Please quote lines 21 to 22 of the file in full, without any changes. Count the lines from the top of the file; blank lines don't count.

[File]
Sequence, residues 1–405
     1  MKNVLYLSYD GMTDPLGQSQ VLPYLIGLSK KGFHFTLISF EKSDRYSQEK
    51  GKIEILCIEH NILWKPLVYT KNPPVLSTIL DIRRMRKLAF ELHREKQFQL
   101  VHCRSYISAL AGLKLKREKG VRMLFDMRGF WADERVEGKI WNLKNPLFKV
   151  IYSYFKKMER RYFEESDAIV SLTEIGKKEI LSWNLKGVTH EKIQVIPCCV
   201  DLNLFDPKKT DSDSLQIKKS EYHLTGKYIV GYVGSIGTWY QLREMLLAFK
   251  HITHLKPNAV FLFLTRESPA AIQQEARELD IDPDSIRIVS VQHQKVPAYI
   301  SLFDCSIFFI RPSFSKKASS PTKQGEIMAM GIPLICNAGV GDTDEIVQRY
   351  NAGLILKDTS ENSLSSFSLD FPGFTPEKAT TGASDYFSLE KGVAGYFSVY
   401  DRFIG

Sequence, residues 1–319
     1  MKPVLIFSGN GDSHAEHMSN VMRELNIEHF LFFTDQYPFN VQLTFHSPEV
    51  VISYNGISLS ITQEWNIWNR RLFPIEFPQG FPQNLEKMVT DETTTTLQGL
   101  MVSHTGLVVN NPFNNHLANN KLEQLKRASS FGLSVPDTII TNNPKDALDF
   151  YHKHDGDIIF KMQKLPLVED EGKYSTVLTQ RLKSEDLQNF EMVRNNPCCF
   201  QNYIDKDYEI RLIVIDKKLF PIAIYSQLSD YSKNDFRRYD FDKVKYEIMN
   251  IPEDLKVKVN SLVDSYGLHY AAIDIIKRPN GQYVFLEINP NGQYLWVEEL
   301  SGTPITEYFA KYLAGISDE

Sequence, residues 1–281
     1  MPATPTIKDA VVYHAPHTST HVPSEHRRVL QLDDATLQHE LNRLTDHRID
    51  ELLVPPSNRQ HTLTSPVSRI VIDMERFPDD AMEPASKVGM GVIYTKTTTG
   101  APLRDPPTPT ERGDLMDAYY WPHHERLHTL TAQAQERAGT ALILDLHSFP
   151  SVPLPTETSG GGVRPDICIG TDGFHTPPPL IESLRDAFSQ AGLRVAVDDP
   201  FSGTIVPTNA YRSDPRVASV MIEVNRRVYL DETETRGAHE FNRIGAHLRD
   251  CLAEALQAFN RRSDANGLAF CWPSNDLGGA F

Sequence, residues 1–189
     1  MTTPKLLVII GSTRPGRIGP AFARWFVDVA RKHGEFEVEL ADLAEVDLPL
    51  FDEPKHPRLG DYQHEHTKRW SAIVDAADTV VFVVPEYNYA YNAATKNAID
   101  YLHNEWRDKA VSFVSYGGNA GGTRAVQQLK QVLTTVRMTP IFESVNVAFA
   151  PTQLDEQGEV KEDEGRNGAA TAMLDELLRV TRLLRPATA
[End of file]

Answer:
    51  ELLVPPSNRQ HTLTSPVSRI VIDMERFPDD AMEPASKVGM GVIYTKTTTG
   101  APLRDPPTPT ERGDLMDAYY WPHHERLHTL TAQAQERAGT ALILDLHSFP